Local time: 06:57
English to French
+ ...
did it work Oct 3, 2009


Russell Jones wrote:
And did that work Elias?
Henry and site staff tell us that outsourcers seldom accept suich low offers; they don't believe people who offer them are serious translators.


I don't know, I've been doing it for a week now.
I don't know what I should do. Do you have any suggestions? Will raising my rates increase my chances of being hired?


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ViktoriaG  Identity Verified
Canada
Local time: 23:57
Member (2005)
English to French
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Which clients? Oct 3, 2009


Cristina Lo Bianco wrote:

BUT: what if most clients are not really interested in quality?

What do you mean by clients here? If you mean end clients, let me assure you that end clients always want a high quality translation. It is agencies that trick them into believing that a) high quality translations can be bought for cheap, and that b) they ARE getting a high quality translation (even when it is not true).

The end clients are interested in quality. They have simply been brainwashed by unrecommandable agencies into thinking that high quality and dirt cheap rates can go hand in hand.

Here's what you need to do:
- Bypass the bottom-feeders by picking up direct clients whose interest in you is getting a quality service and not exploiting you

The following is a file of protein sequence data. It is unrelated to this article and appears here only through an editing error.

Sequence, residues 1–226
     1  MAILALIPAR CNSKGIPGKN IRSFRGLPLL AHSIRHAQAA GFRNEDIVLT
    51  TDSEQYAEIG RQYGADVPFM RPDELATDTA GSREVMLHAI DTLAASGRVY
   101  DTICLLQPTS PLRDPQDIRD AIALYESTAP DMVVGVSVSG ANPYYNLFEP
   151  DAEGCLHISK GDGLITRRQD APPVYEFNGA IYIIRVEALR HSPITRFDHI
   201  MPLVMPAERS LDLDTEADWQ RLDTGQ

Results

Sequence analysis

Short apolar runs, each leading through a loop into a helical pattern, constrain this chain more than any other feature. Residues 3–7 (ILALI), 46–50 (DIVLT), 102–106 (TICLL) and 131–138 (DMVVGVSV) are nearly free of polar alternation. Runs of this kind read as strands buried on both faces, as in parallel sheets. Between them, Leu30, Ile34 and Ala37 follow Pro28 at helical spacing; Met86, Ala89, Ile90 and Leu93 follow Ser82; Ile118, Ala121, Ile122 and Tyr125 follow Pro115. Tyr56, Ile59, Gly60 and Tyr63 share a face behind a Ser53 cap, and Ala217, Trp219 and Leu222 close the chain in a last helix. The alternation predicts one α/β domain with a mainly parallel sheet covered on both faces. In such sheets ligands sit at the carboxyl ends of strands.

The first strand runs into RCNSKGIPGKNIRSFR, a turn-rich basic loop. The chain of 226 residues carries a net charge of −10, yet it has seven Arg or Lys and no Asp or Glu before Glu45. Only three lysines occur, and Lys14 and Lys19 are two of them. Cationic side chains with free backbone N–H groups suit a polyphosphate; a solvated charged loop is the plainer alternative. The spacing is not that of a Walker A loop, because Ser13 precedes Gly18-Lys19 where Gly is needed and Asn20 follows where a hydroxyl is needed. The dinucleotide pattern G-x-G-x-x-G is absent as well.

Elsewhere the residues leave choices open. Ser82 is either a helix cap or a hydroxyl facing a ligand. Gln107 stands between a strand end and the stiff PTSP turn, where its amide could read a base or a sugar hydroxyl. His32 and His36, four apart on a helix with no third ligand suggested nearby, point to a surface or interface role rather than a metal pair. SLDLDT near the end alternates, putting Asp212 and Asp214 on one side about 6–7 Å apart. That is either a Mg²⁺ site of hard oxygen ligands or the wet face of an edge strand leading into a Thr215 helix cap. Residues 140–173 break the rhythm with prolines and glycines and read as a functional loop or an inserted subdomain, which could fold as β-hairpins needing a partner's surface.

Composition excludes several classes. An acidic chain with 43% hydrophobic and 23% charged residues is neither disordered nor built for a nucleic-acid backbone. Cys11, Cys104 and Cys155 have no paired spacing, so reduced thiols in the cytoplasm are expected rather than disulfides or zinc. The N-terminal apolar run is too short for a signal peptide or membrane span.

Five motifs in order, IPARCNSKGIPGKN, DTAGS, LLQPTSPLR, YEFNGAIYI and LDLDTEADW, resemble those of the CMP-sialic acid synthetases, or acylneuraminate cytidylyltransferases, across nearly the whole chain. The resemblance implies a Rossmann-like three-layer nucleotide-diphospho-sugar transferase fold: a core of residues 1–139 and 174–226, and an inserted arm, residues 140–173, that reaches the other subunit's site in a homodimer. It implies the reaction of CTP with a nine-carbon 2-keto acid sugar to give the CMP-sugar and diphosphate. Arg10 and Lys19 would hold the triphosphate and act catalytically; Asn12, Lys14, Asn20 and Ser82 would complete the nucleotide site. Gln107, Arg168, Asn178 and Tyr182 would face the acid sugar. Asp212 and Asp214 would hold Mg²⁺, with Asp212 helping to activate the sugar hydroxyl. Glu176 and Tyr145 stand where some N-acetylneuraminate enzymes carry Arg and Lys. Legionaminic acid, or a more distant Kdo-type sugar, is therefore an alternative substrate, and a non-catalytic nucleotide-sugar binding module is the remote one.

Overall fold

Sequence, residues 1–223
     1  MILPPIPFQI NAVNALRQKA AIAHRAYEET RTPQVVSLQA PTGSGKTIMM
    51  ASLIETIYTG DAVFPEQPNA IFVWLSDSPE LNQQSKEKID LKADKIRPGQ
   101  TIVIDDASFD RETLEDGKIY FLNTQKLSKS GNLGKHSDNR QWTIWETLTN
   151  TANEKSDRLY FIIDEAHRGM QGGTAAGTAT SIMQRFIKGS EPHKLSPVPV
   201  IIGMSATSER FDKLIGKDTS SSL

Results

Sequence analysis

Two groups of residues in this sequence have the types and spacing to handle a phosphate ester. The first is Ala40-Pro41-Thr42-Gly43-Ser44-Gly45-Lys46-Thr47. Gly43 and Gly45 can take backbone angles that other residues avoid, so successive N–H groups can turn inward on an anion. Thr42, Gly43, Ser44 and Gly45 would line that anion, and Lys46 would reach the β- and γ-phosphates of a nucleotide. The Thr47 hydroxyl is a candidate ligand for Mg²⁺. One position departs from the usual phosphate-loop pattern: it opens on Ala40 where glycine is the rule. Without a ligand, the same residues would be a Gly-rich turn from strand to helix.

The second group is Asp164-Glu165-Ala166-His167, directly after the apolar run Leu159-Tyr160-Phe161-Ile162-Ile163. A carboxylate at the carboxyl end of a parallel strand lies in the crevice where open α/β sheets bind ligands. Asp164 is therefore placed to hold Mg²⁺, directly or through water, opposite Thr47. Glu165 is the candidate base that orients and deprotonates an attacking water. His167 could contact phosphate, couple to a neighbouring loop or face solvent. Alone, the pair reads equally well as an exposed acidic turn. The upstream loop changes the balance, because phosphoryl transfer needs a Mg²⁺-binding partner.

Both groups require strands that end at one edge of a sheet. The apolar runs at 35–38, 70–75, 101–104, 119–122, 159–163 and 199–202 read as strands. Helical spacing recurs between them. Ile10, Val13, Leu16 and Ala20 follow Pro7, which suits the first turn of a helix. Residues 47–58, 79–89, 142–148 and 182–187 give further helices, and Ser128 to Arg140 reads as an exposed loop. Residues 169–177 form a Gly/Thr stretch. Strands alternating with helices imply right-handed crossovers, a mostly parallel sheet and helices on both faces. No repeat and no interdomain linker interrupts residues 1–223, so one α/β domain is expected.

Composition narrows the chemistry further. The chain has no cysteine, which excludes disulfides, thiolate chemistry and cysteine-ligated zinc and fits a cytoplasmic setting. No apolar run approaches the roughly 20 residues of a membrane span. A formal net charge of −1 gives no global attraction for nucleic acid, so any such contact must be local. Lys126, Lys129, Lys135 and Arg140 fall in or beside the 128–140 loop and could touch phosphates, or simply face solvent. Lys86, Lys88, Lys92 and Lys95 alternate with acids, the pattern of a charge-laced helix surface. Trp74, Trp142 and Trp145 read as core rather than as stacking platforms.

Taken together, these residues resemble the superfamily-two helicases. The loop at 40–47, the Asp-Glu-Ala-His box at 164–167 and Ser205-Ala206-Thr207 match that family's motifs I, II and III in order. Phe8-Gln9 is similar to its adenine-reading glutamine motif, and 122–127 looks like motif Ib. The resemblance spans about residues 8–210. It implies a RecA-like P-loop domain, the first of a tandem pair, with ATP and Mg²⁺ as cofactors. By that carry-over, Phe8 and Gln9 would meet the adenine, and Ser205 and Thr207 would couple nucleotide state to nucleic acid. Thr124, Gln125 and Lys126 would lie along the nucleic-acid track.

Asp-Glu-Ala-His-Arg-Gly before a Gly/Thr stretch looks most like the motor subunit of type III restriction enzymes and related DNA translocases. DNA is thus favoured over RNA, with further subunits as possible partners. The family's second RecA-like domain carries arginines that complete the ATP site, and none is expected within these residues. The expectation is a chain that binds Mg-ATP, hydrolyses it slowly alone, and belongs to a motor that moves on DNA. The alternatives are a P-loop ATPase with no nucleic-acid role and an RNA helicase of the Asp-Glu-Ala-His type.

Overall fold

- Educate end clients on quality, what goes into a translation and how much a translation, good or bad, is actually worth

Edit: I just ran a quick Google search for the phrase cheap translations. A whole lot of agencies came up, many of which, not surprisingly, are big players on this site. Just a few quotes from their websites:


Quality and Same day Cheap translations nationwide


Online translation agency XXXTranslations can provide you with a low cost, effective translation of your text for just 10 cents per word. Within 24 hours!


The best quality translations for the lowest price! We have 200+ native translators. Low cost translation agency!


Offers Web translations, Congress translator, Economical translations, Cheap translations services. [note the typo - telling!]


The lowest prices possible for translators. The ability to talk to anybody, anytime, anywhere, without breaking your bank account.

There are lots more, but there is no point in posting it all.

But wait! There is more! Right now, there are 179 freelancer profiles on this very site who use the phrase cheap translations among their ALT tags for Google indexation!

And, to top it off, here are a few quotes from agency websites, where the agency is trying really hard to educate clients against cheap translations: